In March 1859, the property was purchased by David McCanles and his brother, James, who added a toll bridge across Rock Creek, charging each wagon from 10¢ to 50¢ to cross the bridge depending upon their ability to pay.

In 1860, David McCanles, a former law enforcement officer in the South, built a cabin and dug a well on the east side of Rock Creek which became known as the East Ranch.

In early 1861, David McCanles sold the East Ranch to the Russell, Waddell, and Majors firm, which owned and operated the Pony Express for a cash deposit with the remainder to be paid in installments.

The West Ranch continued to be used as an emigrant rest stop and the home of the McCanles family until April, 1861, when McCanles sold the West Ranch to freighters Hagenstein and Wolfe and moved his family to another property three miles south of Rock Creek Station.

On July 12, 1861, the day of the McCanles Massacre, James Butler Hickok was just a stock-tender there at the station. No, he was not a Pony Express rider.

According to the Pony Express Museum in in St. Joseph, Missouri, on July 12, 1861, while working as a stock-tender for the Rock Creek Pony Express station, James Butler “Wild Bill” Hickok is confronted by station owner David McCanles over unpaid rent from Russell, Majors and Waddell.

David McCanles arrived at the station with his 12-year-old son Monroe, his cousin, and another employee at the ranch to see the relay station manager Horace Wellman over la long overdue installment from the company.

The company was having financial difficulties at the time, and McCanles was arguing with Wellman when he was shot by then 24-year-old stock tender Bill Hickok who was hiding behind a calico curtain.

McCanles's son immediately rushed into the building, where he ran to his father. The two other men who, like McCanles, were unarmed, attempted to flee but Hickok threw the rifle he had shot McCanles with onto a bed and stepping from the cabin, wounded both with his pistols.

The two men, James Woods and James Gordon, were then killed by other members of the relay station; one was killed by station employee J.W. Brink with a shotgun blast and the other was hacked to death with a hoe by Horace Wellman's wife.

During the attack McCanles' son was able to escape via a dry creek bed.

Hickok, along with Wellman and Brink, were charged with the murders.

When the case was brought to trial, Monroe McCanles was not permitted to testify by the judge -- so subsequently the court heard only the account given by the station employees. Within 15 minutes, the judge ruled the defendants acted in self defense and were acquitted.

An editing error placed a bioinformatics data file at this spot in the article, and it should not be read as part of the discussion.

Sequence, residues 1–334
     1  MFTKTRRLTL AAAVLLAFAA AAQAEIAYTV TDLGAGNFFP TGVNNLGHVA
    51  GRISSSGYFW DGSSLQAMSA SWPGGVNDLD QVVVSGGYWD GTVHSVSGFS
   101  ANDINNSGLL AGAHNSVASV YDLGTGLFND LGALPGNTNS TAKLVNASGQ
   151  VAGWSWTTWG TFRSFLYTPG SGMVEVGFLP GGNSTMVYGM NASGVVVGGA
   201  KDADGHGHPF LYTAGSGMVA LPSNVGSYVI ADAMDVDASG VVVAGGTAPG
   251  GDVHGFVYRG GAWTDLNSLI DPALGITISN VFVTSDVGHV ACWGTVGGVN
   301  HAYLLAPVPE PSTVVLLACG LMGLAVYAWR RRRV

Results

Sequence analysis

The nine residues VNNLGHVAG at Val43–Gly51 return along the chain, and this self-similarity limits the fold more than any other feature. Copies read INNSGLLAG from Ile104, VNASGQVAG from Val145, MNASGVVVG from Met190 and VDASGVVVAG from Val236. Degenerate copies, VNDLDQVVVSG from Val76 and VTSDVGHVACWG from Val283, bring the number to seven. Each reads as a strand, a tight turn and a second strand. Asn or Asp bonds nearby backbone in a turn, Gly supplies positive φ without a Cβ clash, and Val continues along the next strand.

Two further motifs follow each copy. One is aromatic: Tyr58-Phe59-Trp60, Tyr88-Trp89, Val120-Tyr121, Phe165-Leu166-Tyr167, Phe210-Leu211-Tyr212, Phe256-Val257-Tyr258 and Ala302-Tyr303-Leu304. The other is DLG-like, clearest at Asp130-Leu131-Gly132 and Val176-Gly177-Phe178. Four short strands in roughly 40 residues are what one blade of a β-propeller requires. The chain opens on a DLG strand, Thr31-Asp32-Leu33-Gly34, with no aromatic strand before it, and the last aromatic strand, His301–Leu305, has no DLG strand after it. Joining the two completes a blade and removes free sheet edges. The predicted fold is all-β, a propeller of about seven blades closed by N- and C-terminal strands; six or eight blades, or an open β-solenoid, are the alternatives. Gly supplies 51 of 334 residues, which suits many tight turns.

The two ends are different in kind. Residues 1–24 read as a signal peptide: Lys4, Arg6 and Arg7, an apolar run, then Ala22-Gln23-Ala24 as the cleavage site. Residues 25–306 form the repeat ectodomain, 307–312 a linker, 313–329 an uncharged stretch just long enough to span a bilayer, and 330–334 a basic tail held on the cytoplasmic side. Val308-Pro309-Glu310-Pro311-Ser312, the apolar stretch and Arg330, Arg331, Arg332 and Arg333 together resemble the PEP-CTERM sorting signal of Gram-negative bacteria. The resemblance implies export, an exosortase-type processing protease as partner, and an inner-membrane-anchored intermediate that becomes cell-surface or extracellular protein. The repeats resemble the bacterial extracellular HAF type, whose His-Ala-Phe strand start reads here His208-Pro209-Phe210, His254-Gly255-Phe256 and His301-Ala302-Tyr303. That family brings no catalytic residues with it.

Yes, even though McCanles and the others were all un-armed a judge acquitted Hickok and two others on grounds of self defense. Amazing huh?

So, have you ever wondered where someone with the name James Butler Hickok gets the nickname "Wild Bill"?

Since Bill is usually used for someone named William, where did "Wild Bill" come from?

Well, its a fact that Hickok was known as "Duck Bill" because of his sweeping nose and protruding upper lip which he covered with a mustache later in life.

And yes, believe it or not, the original court records of the McCanles Massacre has James Butler Hickok listed as also known as "Duck Bill."

Later, a dime novelist would change "Duck Bill" into "Wild Bill" with the stroke of a pen.

That derisive nickname of "Duck Bill" was given to him by none-other than David McCanles, who had sold the buildings that became the Pony Express’s Rock Creek station, on credit, to Russell, Majors and Waddell.

The first major description of the incident appeared in Harper’s New Monthly Magazine in February 1867, six years after the massacre took place.

It was written by Col. George Ward Nichols, who claimed to have been told the story by Hickok in 1865. Now there's a great source for the truth!

According to the Harper’s version, which by the way is different than the version Hickok told Buffalo Bill, while guiding a detachment of Union cavalry through southern Nebraska, Hickok decided to stop and visit an old friend, Wellman’s wife, at Rock Creek Station.